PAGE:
Advice on audio interfaces
What do you need an audio interface for?
You use an audio interface to connect your studio monitors, instruments and your computer. The internal sound card of your computer or laptop has a 3.5 mm output and you use it for pc speakers. However, this card lacks the high-quality connections. This means you can not connect the better studio monitors. You connect these speakers via an XLR or 6.3 mm cable. In addition, an audio interface is essential for recording sound from your instruments and microphones. Via a sound card you get the sound of your synthesizer or drum computer in your DAW, the audio software on your computer.
During your search for a sound card, it is important to look at the number and type of connections. You need an input for each microphone or instrument that you want to record at the same time. For microphones, you need an input with a preamplifier, which is called pre amp. Without an amplifier, the signal is too weak, causing the input volume to be too low. Do you have a condenser microphone? Then you need an input with 48v phantom power. For your instruments you need an instrument or line input. If you want to connect 3 instruments at the same time, you look at audio interfaces with 3 inputs. More expensive interfaces often have digital ADAT connections. This will expand the number of inputs on the interface with 8 and sometimes 16 channels.
You use the outputs of your interface to connect your studio monitors. You do this via the XLR or 6.3 mm outputs. Sound cards try to pass the sound as neutral as possible, so that you make the right decisions during mixdown. A MIDI output ensures that you can control equipment such as your synthesizer via your computer. Via an output you also send the sound to an external audio processor such as a reverb, delay or compressor.
Connect to your computer
You connect the interfaces to your computer in different ways. The most commonly used connection is a USB connection. The advantage of this connection is that most computers have a USB port. Some interfaces also get their power from this connection, so you do not need an extra power cable. Although a USB connection works well in most home studios, you may want to send too much data over the connection. If you connect many instruments and microphones at the same time, it is wise to choose an interface with a Thunderbolt or FireWire connection. These are connections that can process a large amount of data. This makes all your instruments and microphones sound clear, even if you use them all at once.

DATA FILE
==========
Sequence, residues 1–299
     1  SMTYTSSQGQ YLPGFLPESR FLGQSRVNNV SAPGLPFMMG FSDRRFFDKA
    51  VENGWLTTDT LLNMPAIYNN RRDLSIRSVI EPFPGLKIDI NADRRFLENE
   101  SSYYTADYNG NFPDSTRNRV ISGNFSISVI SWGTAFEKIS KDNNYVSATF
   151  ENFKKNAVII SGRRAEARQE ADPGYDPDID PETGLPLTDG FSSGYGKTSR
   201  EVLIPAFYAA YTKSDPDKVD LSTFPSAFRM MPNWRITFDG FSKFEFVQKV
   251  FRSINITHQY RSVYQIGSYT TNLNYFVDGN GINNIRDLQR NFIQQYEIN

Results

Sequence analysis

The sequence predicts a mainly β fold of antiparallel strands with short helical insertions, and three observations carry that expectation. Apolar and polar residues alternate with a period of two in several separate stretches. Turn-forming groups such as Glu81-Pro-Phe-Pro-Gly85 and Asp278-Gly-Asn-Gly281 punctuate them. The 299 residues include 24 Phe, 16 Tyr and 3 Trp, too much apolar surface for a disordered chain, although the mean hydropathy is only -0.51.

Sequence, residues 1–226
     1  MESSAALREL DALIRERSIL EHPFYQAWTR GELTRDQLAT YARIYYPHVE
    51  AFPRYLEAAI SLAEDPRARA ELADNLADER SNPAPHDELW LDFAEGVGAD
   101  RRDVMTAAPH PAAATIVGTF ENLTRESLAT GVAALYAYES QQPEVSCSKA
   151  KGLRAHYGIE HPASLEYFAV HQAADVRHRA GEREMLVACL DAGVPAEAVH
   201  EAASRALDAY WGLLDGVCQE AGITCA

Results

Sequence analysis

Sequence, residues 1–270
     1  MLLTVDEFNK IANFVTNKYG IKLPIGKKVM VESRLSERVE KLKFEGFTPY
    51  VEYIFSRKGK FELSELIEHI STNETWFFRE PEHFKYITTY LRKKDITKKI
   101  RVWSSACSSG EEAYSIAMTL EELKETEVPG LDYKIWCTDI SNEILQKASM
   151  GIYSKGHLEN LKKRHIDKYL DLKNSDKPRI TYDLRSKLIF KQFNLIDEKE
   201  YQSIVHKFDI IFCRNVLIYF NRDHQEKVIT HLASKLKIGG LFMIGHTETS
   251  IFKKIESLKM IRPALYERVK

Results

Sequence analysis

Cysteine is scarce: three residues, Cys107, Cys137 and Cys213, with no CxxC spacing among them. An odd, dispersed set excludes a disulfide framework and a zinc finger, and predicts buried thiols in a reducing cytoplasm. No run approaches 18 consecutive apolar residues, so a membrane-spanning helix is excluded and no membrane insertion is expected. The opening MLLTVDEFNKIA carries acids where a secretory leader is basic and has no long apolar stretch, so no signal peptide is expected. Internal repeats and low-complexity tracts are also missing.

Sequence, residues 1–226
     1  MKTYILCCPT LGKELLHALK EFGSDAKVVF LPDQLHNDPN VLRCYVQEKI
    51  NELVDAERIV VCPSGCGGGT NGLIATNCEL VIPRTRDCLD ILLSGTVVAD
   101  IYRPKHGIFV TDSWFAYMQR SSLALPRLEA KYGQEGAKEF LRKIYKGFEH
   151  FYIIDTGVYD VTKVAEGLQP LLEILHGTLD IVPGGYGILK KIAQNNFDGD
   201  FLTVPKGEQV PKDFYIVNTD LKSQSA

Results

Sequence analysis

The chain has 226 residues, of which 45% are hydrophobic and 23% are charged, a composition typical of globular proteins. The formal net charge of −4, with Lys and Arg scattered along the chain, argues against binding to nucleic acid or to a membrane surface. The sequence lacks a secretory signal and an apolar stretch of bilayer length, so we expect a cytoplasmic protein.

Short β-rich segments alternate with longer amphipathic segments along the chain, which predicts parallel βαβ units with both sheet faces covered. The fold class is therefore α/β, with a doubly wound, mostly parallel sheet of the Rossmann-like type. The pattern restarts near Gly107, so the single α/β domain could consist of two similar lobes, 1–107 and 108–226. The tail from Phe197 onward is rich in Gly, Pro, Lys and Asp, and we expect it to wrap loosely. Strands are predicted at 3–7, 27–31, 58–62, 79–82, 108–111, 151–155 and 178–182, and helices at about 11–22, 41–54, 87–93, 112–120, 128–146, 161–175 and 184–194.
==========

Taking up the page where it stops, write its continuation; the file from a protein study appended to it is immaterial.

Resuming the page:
In addition to the number of connections, the way in which an interface processes the signals is important. An interface does this by means of AD / DA converters. The converters ensure that the sound from your synthesizer enters your computer and then send the signal back to your studio speakers. The specifications that you will encounter include bit depth and sample rate. The bit depth indicates the number of bits per sample. This mainly affects the noise floor. The higher the bit resolution, the lower the noise in your recordings. This gives you a wider dynamic range and allows you to mix more precisely. The sample rate is the number of snapshots used in the sound. The higher the number, the more detailed it sounds. However, a sample rate of 48kHz is more than enough to work with. A higher rate, for example 192kHz, is very stressful for your computer and you hardly notice the difference.
Why is there a price difference between the audio interfaces?
The reason that audio interfaces differ in price does not only have to do with the number of inputs and outputs. The converters and pre-amps that use brands such as RME are more expensive than the components from, for example, a Focusrite model. That does not necessarily mean that the sound cards of RME are better, but they generally sound more neutral. As a result, you often see more expensive interfaces in professional studios. Cards with a higher price tag often also have a lower latency thanks to the drivers. This ensures that the sound is processed so quickly that you do not hear any delay. As soon as you respond to your synthesizer, the sound will come out of your studio without any audible delay.